If you had to convince a friend or colleague to read this book, what might you tell them?
The many readers who will have heard of Norma Kassirer will not know the breadth of her artistic output. I would tell these readers that Norma was someone who engaged art every day—in stories, poems, paintings, artist’s books, and collage.

In a write-up about her in the Buffalo News, R. D. Pohl mentions how Norma Kassirer influenced several generations of Buffalo artists—and yet there is no definitive book of her work! This is a first step toward that: to collect her poems, which she worked on over the past few decades, to be read alongside the stories collected in The Hidden Wife (Shuffaloff, 1991), the aforementioned Milly (Buffalo Ochre Papers, 2008), and her novella, Katzenjammered (BlazeVOX, 2010).

Tell us what you know of Norma Kassirer’s process: pen and paper, computer, notebooks… 
I know that Norma wrote every day, usually in the morning, and was an ardent reviser of her work. Something else that strikes me is the way her work seems of a whole: a notebook of asemic writing, a surreal tale of a lost doll and a cultural revolution, a large painting called Mechanical Rabbit (now held by the Burchfield Penney Art Center)—all spring from a signal signature.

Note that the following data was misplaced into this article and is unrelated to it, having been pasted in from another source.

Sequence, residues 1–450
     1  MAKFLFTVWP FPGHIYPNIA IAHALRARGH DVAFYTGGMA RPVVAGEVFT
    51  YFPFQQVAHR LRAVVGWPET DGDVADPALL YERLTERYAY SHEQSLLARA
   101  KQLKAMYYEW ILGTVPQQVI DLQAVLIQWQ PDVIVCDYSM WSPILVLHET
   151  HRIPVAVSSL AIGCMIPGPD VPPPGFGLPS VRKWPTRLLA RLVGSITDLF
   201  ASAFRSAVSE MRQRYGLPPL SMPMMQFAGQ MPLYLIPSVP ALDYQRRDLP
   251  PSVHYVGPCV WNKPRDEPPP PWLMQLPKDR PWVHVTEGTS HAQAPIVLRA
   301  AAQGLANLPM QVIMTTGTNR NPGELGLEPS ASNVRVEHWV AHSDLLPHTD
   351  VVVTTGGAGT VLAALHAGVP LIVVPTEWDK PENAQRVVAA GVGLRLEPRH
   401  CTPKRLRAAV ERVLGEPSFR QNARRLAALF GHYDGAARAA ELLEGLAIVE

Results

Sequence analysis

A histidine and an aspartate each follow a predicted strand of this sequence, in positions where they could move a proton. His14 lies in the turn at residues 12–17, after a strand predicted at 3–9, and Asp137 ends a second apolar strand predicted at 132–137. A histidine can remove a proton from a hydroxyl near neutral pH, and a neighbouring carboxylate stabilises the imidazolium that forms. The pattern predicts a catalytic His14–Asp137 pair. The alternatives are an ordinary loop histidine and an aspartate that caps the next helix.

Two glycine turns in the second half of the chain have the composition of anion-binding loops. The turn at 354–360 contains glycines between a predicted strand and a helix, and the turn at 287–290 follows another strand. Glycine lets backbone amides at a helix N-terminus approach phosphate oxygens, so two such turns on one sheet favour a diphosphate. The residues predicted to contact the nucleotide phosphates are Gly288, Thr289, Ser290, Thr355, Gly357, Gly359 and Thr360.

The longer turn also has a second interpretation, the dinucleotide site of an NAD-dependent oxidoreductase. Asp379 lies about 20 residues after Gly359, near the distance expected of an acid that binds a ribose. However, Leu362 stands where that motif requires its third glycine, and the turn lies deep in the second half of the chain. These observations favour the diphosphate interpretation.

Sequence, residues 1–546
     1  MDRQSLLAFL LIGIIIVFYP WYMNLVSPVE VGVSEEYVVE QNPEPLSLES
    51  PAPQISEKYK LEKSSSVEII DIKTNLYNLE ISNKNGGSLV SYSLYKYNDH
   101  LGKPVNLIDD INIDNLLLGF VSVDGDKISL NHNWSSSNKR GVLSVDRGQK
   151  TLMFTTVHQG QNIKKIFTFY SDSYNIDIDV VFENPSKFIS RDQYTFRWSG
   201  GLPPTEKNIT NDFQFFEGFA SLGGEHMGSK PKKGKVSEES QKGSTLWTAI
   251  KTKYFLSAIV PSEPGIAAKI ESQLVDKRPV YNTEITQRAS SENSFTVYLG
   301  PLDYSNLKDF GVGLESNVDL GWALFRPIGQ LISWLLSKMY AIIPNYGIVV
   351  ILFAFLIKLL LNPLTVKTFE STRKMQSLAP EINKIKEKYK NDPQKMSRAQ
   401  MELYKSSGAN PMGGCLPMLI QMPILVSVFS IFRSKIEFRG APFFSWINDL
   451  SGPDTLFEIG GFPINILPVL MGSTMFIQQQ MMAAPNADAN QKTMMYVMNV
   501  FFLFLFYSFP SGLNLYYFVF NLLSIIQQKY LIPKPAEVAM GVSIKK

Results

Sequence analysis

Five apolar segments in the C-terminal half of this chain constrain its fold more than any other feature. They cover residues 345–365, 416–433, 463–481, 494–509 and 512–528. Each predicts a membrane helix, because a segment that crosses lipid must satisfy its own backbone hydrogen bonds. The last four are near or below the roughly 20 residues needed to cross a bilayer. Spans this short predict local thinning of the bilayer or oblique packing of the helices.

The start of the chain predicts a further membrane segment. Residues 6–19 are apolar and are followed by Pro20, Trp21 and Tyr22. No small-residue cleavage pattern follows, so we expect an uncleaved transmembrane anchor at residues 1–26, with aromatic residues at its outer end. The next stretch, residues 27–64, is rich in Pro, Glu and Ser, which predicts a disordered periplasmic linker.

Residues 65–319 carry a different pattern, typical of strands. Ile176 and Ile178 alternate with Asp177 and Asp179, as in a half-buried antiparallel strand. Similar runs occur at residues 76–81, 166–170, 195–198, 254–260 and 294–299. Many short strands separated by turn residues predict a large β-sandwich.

How would she have handled a bad review of her work?
I think silence has been the most troubling response regarding Norma’s work. She had many promising publishing opportunities which simply dissipated; I believe to some extent this is endemic to all writers, especially with the way publishing falls victim to economy.

But the losses I’m talking about were more tragic in nature…Norma’s books for young readers had been guided into print by the legendary children’s publisher Velma V. Varner (“discoverer” of the young S. E. Hinton), who envisioned a great writing career for Norma, but who died too young of cancer in 1972. Other literary colleagues who championed her writing but died too soon include Donald Barthelme and John Gardner. I think these personal loses had the side effect of isolating Norma in terms of what we now call literary networks.